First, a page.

Unlike many sectors, the aviation industry is undertaking work across each of its component parts - airports, airlines, air navigation service providers, engine and aircraft manufacturers - often with the different players coordinating efforts to help each other reduce emissions.
Geneva, Switzerland (PRWEB) December 30, 2008
In another example of the aviation industry's commitment to a sustainable future, an Air New Zealand aircraft took off today, powered in part by a second-generation biofuel. The Boeing 747 test flight was intended to investigate how the new fuel, made from the Jatropha plant, stands up to use at the high altitudes and extreme operating conditions required by aviation.
The flight is another in a series of trials taking place at airlines around the world, testing different types of biofuel to determine the viability of using the sustainable alternative to the Jet-A1 fuel currently used by commercial aviation.
Paul Steele, the executive director of the Air Transport Action Group (ATAG), a representative of organisations from across the aviation industry, said that the flight was a significant step towards the industry vision of carbon neutral growth, "Earlier this year, the leaders of the aviation industry gathered in Geneva to sign a Declaration on Climate Change, committing the industry to a pathway towards carbon neutral growth.
"The efforts taking place in New Zealand today and other industry projects are designed to make progress towards that goal, providing the aviation industry with a reduced-carbon form of energy and allowing the sustainable future of air transport which is a key generator of economic growth."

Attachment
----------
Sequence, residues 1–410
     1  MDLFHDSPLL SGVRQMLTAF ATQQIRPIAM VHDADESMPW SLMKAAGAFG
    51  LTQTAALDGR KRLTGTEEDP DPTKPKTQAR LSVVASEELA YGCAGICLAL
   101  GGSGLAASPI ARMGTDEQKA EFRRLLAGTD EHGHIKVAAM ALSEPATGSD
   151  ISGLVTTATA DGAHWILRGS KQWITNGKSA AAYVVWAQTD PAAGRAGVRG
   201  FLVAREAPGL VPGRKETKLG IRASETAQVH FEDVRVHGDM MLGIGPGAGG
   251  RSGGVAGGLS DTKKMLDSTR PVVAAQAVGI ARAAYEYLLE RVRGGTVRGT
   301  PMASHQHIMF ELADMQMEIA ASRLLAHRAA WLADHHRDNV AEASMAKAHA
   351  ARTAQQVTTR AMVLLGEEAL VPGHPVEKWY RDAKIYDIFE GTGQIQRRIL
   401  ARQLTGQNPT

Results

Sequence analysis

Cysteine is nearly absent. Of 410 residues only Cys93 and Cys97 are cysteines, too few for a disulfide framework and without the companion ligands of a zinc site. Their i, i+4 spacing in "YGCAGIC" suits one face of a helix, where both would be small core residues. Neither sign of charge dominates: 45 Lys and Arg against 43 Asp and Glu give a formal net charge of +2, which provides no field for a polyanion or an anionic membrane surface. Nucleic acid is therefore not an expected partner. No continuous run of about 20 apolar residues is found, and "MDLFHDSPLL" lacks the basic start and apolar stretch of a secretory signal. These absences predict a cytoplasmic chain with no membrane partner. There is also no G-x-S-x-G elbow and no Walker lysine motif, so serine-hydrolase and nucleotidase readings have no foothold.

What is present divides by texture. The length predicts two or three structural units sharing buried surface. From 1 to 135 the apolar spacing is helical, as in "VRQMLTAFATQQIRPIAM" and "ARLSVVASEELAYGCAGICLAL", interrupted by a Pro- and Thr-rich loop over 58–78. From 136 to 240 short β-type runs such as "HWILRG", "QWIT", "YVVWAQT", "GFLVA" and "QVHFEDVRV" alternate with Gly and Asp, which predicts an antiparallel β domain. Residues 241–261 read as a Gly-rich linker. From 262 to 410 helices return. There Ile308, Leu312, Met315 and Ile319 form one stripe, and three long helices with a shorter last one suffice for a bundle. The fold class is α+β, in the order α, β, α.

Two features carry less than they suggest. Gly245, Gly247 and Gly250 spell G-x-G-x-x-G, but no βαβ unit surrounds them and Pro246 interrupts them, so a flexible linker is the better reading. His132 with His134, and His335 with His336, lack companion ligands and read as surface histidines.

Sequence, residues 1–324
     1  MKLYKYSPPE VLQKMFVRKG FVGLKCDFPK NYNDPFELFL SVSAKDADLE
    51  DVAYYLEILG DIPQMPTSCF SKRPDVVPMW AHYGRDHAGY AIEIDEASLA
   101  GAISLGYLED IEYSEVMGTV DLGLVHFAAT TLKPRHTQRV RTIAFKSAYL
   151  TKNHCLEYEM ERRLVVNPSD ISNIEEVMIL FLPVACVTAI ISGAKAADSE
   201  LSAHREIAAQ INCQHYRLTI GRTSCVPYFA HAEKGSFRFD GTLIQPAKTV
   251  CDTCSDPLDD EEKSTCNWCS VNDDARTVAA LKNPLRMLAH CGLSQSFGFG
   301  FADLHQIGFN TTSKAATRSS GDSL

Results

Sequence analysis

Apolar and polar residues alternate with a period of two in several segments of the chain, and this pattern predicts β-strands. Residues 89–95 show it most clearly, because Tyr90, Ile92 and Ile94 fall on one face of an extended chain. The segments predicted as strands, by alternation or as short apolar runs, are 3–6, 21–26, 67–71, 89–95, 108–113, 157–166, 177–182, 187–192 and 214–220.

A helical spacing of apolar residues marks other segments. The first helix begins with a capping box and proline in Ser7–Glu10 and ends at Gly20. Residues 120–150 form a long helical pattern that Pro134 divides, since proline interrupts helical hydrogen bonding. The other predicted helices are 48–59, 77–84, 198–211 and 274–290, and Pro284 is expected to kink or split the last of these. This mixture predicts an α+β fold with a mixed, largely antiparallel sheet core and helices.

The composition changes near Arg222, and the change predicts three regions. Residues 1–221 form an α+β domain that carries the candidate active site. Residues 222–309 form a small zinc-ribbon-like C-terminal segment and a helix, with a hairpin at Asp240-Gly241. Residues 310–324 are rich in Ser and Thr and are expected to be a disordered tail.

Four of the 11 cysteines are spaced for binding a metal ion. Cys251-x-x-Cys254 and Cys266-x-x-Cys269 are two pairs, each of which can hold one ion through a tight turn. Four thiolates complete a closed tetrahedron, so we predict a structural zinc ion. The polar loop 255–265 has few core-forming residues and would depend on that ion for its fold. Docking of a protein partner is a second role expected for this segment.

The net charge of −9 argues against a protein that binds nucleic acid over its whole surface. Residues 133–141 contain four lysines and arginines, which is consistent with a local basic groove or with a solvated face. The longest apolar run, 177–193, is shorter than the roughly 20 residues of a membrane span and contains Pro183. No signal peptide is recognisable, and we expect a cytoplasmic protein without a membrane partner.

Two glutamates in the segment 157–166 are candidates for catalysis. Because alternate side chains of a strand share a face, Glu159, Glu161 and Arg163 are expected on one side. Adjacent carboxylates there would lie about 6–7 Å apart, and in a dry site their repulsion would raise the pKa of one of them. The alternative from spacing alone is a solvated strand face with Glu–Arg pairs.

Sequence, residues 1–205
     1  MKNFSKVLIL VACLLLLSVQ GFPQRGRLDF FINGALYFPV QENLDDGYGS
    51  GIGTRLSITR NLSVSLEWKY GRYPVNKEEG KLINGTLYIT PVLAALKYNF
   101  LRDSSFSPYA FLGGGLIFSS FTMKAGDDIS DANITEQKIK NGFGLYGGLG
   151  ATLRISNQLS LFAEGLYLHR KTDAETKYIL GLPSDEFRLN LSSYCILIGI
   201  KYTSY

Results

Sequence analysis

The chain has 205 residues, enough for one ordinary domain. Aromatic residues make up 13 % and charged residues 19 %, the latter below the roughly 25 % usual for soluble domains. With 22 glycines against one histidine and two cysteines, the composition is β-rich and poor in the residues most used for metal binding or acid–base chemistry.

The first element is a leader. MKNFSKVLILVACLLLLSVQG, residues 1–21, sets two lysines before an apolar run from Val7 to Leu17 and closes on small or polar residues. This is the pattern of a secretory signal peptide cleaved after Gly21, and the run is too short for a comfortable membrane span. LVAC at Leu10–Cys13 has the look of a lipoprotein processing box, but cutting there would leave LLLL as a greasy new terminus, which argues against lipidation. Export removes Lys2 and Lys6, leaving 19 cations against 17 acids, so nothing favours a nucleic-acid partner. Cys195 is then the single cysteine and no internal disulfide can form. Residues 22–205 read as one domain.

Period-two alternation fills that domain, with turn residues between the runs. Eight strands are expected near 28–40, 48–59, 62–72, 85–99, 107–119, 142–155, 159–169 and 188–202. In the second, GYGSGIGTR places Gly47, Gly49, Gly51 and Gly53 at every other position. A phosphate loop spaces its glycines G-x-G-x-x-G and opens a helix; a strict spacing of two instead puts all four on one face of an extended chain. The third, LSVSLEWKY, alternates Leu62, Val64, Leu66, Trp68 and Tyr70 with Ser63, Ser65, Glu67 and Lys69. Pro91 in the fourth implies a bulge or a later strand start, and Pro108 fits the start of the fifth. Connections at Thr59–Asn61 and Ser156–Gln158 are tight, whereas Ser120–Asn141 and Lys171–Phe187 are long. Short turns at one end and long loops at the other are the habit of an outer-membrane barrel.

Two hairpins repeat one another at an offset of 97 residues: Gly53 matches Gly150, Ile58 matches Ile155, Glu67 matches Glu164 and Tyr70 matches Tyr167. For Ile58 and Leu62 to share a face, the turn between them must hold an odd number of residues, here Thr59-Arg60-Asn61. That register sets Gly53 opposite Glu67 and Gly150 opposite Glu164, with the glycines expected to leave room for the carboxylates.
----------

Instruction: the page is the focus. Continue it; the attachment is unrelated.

A major part of the industry's future carbon emissions reductions rely on the ability for aircraft to shift towards biofuels. The aviation industry has said it is committed to pursuing sustainable, second-generation biofuel sources such as jatropha and algae, which don't compete with food supplies for land or water.
"Significantly, the trial today shows the cooperation that is occurring between industry partners, in this case Air New Zealand, Boeing, Rolls-Royce and Honeywell UOP. Such coordinated efforts are vital for environmental progress.
"Unlike many sectors, the aviation industry is undertaking work across each of its component parts - airports, airlines, air navigation service providers, engine and aircraft manufacturers - often with the different players coordinating efforts to help each other reduce emissions."
Globally, aviation produces two percent of the world's carbon dioxide emissions, but it is a growing sector. Through technology and operational performance improvements, the sector has managed to decouple the growth in carbon emissions to around half the rate of the growth in passengers. The industry has also established a website to chart the progress of many projects underway across the world to reduce emissions from aviation even further. The site, http://www.enviro.aero, is a resource centre for anyone interested in aviation's environmental impact.
Steele said, "This flight and the other environmental projects underway at Air New Zealand provide leadership to others in the aviation industry and, importantly, other parts of the economy."